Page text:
Proper protocol should be followed by all fraternal
Protocol, by definition, is basic common courtesy.
The Knights of Columbus Protocol Handbook
(#1612) contains specific information governing many
types of situations where protocol is involved. Keep in
mind, however, that where there is no specific rule
governing a situation, you will not go wrong by
employing common courtesy.
Invitations— Guests should be sent proper invitations in
writing well in advance (at least six weeks before the event).
All invitations should be sent in the name of and
signed by the grand knight, district deputy or state
deputy, respectively. Replies may directed to a chairman
or committee member.
The invitation should let the guest know timing, agenda,
dress and any special expectations.
Your district deputy, as a special representative of the
supreme knight and state deputy, should be invited to all
council functions. However, it is not proper protocol to
send a “blanket” invitation to your district deputy with
the expectation that he will attend each event. It should
be understood that his schedule may not permit him to
attend all affairs, in which case he would notify you in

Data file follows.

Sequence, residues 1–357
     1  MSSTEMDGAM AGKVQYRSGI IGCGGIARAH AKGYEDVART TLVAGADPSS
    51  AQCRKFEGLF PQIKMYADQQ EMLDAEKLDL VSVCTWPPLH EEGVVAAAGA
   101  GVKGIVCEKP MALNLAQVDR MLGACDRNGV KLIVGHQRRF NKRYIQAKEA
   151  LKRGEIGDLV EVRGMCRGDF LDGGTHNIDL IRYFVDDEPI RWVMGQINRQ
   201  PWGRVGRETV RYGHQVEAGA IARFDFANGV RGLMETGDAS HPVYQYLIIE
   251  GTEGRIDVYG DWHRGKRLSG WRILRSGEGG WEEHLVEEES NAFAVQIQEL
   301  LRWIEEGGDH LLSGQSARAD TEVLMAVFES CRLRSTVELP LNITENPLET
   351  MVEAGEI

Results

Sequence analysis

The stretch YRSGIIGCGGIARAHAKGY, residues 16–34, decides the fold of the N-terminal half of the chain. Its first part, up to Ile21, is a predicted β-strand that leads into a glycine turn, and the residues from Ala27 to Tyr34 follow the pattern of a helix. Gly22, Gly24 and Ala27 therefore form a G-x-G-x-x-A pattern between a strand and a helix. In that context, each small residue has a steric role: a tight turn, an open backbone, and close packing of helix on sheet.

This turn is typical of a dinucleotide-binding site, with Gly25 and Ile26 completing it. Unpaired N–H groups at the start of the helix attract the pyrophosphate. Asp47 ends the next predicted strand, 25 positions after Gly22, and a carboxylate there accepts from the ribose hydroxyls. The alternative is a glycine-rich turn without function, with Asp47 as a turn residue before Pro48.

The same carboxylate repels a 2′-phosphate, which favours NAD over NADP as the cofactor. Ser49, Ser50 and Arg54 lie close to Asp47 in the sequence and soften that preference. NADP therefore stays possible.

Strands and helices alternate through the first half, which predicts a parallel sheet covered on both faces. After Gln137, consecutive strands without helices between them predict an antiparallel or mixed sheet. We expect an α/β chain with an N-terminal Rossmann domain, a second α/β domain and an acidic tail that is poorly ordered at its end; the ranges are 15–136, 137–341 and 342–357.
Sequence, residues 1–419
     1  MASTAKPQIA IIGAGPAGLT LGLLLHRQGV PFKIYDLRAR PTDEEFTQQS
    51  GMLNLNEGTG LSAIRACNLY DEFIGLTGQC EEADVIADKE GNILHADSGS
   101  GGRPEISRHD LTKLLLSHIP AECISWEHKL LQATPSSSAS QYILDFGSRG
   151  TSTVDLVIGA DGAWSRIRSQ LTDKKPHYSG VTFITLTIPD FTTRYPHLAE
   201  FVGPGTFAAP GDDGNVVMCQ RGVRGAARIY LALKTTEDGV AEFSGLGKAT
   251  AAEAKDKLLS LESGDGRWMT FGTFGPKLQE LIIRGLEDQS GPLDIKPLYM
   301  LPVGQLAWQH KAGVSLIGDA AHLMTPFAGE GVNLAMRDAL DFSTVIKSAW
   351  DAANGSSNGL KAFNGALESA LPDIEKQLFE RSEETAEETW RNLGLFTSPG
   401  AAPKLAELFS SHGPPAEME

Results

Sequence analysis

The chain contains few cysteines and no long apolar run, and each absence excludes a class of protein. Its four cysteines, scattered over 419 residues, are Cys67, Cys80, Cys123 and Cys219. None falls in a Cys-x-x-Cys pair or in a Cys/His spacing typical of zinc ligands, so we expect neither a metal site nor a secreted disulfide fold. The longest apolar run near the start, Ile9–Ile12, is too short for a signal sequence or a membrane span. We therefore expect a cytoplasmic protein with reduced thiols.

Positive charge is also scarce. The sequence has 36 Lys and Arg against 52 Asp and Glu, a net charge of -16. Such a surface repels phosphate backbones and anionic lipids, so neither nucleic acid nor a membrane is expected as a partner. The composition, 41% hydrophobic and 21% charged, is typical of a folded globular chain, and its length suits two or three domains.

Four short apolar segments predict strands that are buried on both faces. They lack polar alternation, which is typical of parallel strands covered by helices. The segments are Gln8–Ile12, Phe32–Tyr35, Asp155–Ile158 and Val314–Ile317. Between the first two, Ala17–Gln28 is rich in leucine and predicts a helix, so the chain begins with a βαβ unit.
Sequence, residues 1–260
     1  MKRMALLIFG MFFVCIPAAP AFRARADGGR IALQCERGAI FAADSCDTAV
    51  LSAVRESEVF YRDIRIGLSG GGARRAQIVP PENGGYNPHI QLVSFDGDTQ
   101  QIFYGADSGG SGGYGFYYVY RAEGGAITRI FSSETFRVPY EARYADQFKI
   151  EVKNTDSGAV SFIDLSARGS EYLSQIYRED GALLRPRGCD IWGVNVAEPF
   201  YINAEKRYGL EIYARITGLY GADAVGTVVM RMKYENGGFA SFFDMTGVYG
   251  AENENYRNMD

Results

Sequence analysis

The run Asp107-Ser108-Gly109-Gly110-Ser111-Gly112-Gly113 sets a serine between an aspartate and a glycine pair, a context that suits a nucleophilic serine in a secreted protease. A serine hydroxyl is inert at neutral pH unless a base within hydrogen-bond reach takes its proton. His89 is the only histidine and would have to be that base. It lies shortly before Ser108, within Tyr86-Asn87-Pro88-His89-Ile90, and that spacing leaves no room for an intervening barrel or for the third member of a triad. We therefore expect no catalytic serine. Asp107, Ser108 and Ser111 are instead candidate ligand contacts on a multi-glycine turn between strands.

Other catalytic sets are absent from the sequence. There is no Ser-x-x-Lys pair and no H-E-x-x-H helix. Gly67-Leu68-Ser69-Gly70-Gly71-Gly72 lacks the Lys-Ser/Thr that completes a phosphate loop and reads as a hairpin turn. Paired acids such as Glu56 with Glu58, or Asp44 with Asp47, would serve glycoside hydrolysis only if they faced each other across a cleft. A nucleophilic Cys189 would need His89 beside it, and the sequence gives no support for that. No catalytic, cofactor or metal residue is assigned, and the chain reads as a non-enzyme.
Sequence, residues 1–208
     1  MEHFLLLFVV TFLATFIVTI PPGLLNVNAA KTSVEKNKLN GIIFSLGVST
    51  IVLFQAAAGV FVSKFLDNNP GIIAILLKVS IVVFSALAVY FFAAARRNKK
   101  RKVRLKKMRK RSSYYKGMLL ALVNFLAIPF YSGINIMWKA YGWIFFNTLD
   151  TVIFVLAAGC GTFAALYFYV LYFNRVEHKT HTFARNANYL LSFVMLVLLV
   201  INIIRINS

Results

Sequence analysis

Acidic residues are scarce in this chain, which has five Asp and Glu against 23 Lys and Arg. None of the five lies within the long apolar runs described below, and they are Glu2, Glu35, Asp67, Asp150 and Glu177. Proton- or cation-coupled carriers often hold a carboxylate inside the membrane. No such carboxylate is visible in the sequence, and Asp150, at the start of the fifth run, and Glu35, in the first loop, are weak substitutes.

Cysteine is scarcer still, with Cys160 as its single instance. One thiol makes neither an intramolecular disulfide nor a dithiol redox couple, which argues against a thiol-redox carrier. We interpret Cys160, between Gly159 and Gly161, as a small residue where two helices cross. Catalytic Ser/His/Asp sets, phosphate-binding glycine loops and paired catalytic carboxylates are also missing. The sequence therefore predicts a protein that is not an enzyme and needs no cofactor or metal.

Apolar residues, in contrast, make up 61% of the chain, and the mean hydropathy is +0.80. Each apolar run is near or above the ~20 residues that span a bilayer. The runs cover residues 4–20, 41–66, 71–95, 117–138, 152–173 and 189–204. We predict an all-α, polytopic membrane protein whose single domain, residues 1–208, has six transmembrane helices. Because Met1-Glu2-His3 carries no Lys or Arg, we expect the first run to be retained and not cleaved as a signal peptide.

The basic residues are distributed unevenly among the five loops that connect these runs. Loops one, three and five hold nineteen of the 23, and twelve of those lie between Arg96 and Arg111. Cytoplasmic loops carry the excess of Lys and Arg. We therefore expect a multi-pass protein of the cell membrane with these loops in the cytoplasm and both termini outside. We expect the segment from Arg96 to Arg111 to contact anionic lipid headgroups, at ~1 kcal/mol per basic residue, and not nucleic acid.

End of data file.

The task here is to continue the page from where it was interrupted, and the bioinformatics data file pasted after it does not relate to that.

Speakers— Speakers for an event should be notified well
in advance that they are expected to speak. A courteous
fraternal leader does not approach a guest just before or
during a program and ask if he wants to talk. This gives
the impression that you would prefer he did not speak,
but if he wanted to talk, you would permit it.
Head Table— Seating is usually arranged by the highest
rank from the middle out to either end. Guests are
introduced from the right toward the middle then from
the left toward the middle, excluding speaking members
at the head table. The wives of all those seated at the head
table should also be included in the dais. The following
priority list should apply for speaking programs and
seating arrangements: clergy, Knights of Columbus (in
ranking order), civic dignitaries and other fraternities.
When more than one priest is present and a speaker does
not wish to mention each by name, he should say “Rev.
Monsignori” and/or “Rev. Fathers.”
Never use “Reverend Clergy” unless clergymen of different faiths are represented.